LA Theatre’s Civil War

Many do not realize it, but Los Angeles can call itself home to one of the largest theatre communities in the world.  Well over 400 different small playhouses, ensembles, repertories and the festivals create thousands of plays each year—including hundreds and hundreds of premieres.  It lacks the fame and glamour of Broadway.  Perhaps the reason lies in massive movie-making industry next door.  That may explain why the two year struggle between theatres and the stage actor’s union—Actors Equity Association—wages almost unnoticed.

It remains no less bitter, however, and the most recent decision by Judge Terry Hatter dismissing the concerns of local theatres marks only one battle.  The war seems far from over.

At the heart of the issue lies two radically different viewpoints.  AEA, headquartered in New York, claims to desire a standard to insure all stage actors working in the United States receive the same compensation and protection for their labor.  Locals, using the motto/rallying cry I Heart 99 as the unofficial name of their movement, see the union as out of touch with the realities of the Los Angeles theatre scene.  Former SAG (Screen Actors Guild) President Ed Asner as well as actors  Ed Harris (Westworld), French Stewart (3rd Rock from the Sun), and Amy Madigan (Field of Dreams) were the plaintiffs in a recent lawsuit, dismissed by District Judge Terry Hatter “without prejudice.”  This means the plaintiffs can sue again if they so choose.

The so-called 99-Seat Plan, which the Plaintiffs seek to preserve and Equity wants to scrap, arose out of a lawsuit in the 1980s, a lawsuit stemming from a decision by local Equity officials back in 1972.  The vast majority of LA theatres are small, less than 100 seats, which limits their income potential.  Many are in fact run and operated by actors themselves.  In 1972 a kind of waiver was approved for smaller theatres, allowing actors who belonged to Equity to waive the full payment to which they were legally entitled under certain specific conditions.  Within a decade and a half, the national leadership sought to abolish this practice.  That debated ended up in court, with local theatre producers/actors winning approval of a basic version of what they had already established.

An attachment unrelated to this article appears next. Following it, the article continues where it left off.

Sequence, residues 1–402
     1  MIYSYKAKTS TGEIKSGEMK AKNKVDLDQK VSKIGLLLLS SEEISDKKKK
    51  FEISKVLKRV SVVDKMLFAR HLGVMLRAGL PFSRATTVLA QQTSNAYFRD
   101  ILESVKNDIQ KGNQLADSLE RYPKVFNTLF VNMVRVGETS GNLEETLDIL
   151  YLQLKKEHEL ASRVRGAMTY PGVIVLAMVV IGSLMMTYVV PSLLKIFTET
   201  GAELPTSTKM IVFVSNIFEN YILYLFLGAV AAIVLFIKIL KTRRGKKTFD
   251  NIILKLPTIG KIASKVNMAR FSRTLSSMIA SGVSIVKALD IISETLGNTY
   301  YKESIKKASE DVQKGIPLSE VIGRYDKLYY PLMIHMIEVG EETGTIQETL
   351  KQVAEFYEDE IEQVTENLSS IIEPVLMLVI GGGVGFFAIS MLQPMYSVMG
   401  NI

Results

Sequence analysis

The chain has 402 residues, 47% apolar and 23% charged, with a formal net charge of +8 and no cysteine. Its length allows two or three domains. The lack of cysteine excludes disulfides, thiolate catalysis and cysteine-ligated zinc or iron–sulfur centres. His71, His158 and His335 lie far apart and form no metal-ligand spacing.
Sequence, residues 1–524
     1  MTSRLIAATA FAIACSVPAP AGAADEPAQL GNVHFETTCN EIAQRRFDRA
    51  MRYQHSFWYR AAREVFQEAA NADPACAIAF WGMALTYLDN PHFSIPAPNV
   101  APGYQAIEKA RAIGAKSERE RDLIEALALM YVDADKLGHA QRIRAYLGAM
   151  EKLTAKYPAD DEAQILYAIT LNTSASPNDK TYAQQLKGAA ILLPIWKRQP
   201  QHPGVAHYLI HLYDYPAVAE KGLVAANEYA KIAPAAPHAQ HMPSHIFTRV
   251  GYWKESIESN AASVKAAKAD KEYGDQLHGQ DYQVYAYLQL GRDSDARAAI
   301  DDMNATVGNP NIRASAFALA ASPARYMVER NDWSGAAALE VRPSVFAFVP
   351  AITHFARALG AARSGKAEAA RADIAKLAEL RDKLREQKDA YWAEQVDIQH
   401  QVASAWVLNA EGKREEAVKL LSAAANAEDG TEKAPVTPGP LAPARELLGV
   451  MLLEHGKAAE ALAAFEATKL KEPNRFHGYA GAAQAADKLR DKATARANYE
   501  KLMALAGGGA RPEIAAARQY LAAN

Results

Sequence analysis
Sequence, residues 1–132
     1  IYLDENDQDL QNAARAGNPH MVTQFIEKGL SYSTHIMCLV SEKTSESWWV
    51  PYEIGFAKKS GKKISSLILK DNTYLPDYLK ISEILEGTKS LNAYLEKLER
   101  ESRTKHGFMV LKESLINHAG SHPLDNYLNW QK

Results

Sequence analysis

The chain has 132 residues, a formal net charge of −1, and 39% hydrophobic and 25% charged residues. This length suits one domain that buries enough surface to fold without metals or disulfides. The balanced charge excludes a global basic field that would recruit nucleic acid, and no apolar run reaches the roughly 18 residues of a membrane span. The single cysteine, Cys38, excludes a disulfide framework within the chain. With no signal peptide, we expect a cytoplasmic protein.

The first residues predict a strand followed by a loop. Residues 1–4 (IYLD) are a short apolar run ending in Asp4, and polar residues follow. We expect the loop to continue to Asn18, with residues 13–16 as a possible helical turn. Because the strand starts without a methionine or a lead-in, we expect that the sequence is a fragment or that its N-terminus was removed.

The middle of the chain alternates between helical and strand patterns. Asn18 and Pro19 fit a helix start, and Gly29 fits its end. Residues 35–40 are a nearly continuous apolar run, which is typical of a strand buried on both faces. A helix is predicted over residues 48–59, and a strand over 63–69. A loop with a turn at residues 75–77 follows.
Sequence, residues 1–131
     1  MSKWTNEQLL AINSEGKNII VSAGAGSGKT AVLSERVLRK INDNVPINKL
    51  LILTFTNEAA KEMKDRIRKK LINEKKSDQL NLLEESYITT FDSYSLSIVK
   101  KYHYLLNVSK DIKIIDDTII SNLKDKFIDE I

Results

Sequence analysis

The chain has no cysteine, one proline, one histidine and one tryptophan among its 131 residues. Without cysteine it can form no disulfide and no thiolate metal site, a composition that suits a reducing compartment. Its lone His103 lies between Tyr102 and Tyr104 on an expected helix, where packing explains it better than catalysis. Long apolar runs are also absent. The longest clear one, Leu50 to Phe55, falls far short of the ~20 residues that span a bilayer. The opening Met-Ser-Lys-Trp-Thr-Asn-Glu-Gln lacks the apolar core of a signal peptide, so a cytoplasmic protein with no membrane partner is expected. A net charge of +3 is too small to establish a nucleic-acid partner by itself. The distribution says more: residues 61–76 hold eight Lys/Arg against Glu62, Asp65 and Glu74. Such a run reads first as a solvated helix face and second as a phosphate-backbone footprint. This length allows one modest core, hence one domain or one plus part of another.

Such waivers and special circumstances are far from unique.  For example, Equity contracts clearly do not call for the same pay scale in regards Broadway musicals as they do small showcases in relatively remote towns.

Los Angeles, of course, remains one of the major cities in the entire country.

Under the 99-Seat Plan, a strong fistful of smaller theatres have gone on to win national acclaim—such as the Fountain, the City Garage in Santa Monica, Sacred Fools (who until recently had a home just north of Koreatown), plus the Odyssey Theatre Ensemble on Sepulveda.

As of 2014 however, Equity openly acted to abolish the 99-Seat Plan in Los Angeles once and for all.  Many officials of the Union began by asking local members about current conditions.  What many actors present at these meetings affirmed was one overwhelming complaint—namely some theatres ignoring the safety rules which are part of any production in which any Equity member takes part.  Enforce the plan, was the message.   Within months Equity announced its solution—end the plan altogether.

What followed was a furor.  Amidst the furious complaints by local Equity members, the Union held a local referendum on the question.  The vote came in over 75% in favor of keeping the Plan. Equity went ahead and announced the end of the Plan anyway, which did nothing at all to calm the local anger and hurt.